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Canton Estate Planning & Probate Lawyer > Blog > Workers Compensation > What Is The Coming And Going Rule And How Does It Affect Workers’ Compensation?

What Is The Coming And Going Rule And How Does It Affect Workers’ Compensation?


You get up in the morning and start your day like any other day, getting ready and heading off to work. But what happens if you are injured while you are either driving to work or from work? What are your options to pay for your damages? Will workers’ compensation apply in this scenario?

These are all good questions. When an accident happens, it can be overwhelming and distressing, and it is understandable if you are not sure precisely what you should do and what your rights are. Regarding injuries at work, workers’ compensation may be the right approach for receiving compensation needed to pay for any losses sustained. However, transporting to and from work is not considered a part of your job and, therefore, not covered by your employer’s workers’ compensation insurance.

If you were injured while on the job, you might have questions about if workers’ compensation applies to you and what you can do to secure the most compensation. Call The Law Office of Brian S. Karpe. Our Connecticut workers’ compensation attorneys can provide you with more information on how to obtain compensation and answer any questions you may have.

Defining the Coming and Going Rule

The Connecticut Workers’ Compensation Act makes it necessary that any business that employs one or more employees must have workers’ compensation insurance. Workers’ compensation insurance is required for these businesses so that if one of their employees is hurt while engaging in their job duties, they can have their medical treatment and some of their wages paid while they recover from their injuries. Both full-time employees and part-time employees can make a workers’ compensation claim if they are injured at work.

The coming-and-going rule defines commuting to and from work and how that applies to workers’ compensation. Under this rule, your time in your car when you drive to your job and when you travel back home is not considered work-related activity. Therefore, if you get into a car accident, you will not turn to your employer to file a workers’ compensation claim. Instead, you would be looking at filing a personal injury claim against the party that caused your crash. This is true as long as you are not more than 51% responsible for the crash happening. Connecticut modified comparative negligence laws indicate that when a collision happens, you can only recover damages if you are not primarily culpable for causing the incident.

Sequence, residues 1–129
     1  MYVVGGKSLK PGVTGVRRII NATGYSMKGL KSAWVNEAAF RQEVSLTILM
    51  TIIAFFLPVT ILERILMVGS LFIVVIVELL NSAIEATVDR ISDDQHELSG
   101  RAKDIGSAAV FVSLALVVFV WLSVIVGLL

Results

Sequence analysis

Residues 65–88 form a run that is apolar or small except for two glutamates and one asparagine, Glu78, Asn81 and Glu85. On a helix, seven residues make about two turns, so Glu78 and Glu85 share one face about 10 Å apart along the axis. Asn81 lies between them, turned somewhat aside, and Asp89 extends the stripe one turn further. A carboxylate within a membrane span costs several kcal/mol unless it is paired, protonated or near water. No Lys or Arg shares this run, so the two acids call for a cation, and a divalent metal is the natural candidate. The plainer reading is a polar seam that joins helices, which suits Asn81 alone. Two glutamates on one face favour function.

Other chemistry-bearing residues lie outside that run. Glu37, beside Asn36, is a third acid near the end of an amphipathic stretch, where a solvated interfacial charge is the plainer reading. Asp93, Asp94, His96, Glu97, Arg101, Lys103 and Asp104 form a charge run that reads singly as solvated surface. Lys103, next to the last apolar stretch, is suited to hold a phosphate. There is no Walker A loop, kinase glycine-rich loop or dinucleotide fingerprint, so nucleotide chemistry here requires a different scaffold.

Speak to a Connecticut Workers’ Compensation Attorney Today

It may seem like your daily commute to and from work should be covered under workers’ compensation. In some situations, it may be if you are using a company vehicle. But when you are doing so in your private vehicle, accidents that could occur are not your employer’s responsibility to take on the financial burdens of paying you for your damages. A personal injury claim would be appropriate here.

For help with a workers’ compensation claim or a personal injury claim in Connecticut, please call the Canton workers’ compensation attorney at The Law Office of Brian S. Karpe today to schedule a free consultation at 860-217-1458.



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